I'm so jealous. That's the smallest number, but it's like
a pipe dream for people. The majority of people are like,
I could never do that, and then the third group

is actually literally who cannot even process it, which shows
that everything we do in our society is based around
this idea of home. And some people are nomads, you know,
whole cultures are nomadic, but we're not built to be nomadic.
In fact, there's whole things you can't do in our society,
like insurance. You know, insurance is built around an idea

of a domicile. You know, there's no there's whole sectors
of our society that aren't built for people who choose
to live differently, whatever that difference is. Yeah, definitely, And
and it's crazy because by people saying I can't even imagine,
that proves right that people can't imagine, and they won't
force themselves or like open themselves up to even the idea. So,

oh my gosh, we have a little more with Victoria
in just a moment. We'll be right back. M m m.
What is your definition your personal definition of home? Mm hmmm.
So that's been a big thing that I learned, right

because home was so important to my parents. Uh, we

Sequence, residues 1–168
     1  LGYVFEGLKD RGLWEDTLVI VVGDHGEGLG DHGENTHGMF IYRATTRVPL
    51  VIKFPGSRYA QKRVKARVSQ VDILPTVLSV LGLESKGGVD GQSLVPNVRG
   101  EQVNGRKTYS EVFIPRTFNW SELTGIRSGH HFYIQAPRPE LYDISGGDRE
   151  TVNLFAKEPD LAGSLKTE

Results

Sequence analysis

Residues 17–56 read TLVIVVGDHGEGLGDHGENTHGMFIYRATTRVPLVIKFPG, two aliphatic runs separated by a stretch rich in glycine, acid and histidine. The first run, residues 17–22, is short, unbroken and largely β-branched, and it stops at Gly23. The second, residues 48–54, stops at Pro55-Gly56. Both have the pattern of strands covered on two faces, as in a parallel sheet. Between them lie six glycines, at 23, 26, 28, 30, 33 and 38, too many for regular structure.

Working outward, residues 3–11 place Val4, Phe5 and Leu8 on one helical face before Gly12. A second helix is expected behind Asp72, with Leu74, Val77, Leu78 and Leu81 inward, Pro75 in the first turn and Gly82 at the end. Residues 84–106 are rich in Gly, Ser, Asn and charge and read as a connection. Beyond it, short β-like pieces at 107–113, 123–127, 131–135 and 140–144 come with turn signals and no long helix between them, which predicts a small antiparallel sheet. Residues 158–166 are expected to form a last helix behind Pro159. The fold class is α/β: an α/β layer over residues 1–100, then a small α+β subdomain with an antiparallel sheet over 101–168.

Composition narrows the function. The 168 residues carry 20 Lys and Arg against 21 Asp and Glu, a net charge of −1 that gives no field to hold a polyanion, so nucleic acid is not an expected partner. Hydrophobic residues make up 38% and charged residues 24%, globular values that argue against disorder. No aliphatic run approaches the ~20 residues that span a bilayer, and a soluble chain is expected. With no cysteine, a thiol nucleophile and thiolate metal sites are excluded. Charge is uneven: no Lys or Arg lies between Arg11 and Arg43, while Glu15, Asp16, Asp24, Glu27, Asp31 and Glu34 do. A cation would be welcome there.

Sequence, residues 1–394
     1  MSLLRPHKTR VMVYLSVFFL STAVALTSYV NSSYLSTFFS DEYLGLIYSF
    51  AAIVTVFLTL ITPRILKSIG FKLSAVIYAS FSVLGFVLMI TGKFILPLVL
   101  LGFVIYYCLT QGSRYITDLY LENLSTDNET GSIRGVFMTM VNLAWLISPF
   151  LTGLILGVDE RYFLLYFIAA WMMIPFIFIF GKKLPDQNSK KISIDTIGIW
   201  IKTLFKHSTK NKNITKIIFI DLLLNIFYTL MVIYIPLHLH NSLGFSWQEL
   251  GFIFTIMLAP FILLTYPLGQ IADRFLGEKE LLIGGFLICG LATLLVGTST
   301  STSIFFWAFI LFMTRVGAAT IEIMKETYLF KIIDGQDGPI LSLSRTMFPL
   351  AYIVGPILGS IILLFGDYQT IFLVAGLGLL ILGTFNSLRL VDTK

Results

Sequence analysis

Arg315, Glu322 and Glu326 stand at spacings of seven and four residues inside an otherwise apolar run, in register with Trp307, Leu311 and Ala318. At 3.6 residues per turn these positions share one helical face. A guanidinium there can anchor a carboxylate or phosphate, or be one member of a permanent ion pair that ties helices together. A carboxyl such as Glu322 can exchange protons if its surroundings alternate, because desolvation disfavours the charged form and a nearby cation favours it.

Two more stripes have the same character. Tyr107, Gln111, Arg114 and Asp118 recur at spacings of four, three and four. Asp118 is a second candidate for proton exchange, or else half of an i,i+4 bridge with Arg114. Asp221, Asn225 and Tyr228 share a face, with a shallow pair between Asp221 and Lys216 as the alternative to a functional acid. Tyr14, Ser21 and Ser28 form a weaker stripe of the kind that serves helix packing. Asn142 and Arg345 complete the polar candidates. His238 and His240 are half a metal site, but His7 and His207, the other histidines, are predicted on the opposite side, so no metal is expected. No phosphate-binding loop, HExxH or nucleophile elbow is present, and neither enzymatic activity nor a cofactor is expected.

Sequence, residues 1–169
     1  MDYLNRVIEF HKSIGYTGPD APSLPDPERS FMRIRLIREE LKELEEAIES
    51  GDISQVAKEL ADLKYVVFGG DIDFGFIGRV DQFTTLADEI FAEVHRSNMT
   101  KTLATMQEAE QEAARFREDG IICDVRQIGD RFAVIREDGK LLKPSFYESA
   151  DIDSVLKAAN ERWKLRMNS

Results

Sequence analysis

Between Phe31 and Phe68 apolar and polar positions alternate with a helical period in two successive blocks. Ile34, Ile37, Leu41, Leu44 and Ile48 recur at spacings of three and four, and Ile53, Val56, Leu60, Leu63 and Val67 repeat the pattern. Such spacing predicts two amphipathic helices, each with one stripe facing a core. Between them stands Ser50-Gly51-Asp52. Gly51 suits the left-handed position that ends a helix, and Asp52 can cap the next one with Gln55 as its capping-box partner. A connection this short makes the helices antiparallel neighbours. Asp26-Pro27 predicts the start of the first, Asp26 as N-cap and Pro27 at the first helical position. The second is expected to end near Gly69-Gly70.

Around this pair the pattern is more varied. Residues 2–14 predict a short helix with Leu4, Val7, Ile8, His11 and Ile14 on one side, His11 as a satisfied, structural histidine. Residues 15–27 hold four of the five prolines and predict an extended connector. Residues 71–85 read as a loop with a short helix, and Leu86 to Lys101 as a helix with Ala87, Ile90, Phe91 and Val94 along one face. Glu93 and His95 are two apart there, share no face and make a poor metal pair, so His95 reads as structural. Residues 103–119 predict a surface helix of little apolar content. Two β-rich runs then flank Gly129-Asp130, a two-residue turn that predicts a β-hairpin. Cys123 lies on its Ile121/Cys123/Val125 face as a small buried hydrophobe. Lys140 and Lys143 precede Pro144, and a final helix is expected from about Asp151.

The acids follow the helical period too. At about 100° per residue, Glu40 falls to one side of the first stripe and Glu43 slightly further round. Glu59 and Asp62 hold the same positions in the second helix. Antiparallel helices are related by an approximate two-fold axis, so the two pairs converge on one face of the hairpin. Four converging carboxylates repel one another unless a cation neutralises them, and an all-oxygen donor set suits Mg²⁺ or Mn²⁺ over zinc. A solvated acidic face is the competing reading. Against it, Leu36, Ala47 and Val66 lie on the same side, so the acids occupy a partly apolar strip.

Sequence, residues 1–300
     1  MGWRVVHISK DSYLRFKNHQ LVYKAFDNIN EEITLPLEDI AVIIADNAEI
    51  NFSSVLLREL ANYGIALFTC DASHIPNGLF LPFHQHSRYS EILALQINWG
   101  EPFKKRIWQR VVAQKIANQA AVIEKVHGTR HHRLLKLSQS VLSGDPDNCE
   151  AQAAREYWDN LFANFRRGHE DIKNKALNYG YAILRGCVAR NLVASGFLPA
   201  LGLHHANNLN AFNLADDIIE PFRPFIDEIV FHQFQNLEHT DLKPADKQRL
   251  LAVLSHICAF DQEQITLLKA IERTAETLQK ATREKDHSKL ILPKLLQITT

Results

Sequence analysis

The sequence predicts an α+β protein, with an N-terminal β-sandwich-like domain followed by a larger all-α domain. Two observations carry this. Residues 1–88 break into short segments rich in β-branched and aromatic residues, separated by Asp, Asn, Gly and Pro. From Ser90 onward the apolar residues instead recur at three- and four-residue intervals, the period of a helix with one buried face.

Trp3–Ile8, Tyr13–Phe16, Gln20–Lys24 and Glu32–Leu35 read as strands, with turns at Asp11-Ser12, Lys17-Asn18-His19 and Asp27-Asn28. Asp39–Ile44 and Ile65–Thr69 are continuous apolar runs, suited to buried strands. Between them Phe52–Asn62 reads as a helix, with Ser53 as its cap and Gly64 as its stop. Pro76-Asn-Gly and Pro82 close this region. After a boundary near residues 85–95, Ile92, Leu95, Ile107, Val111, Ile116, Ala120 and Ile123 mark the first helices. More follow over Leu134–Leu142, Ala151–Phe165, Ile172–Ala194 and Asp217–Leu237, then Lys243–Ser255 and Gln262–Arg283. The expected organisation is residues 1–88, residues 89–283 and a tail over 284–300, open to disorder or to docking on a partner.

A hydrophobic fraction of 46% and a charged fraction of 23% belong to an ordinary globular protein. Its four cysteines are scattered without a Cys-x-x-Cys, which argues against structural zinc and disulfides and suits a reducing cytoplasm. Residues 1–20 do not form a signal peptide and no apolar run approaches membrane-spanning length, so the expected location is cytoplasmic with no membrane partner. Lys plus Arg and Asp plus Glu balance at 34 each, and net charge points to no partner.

moved a lot, but the idea of home was this
place where you could shut the door and shut especially
if you were famous, you could shut the world out
and be yourself. It was also a place that absolutely
reflected who you were to anyone who came in the door.

And I've made my living as a designer for years
and that's my job. My job is for somebody to
explain in words and some visuals who they are and
for me to help them create a space that reflects
who they are. Right. So that was my idea of
what home was. It was a sanctuary, and it was
a place that reflected who I was to anyone who
walked in the door and back to myself as well.

So to lose all of that right to have no
door you can shut and to have sort of nothing
that expresses that, I was like, whoa, you know, what
is home? And what I realized was that the more
we lose our hearts, the more we have a need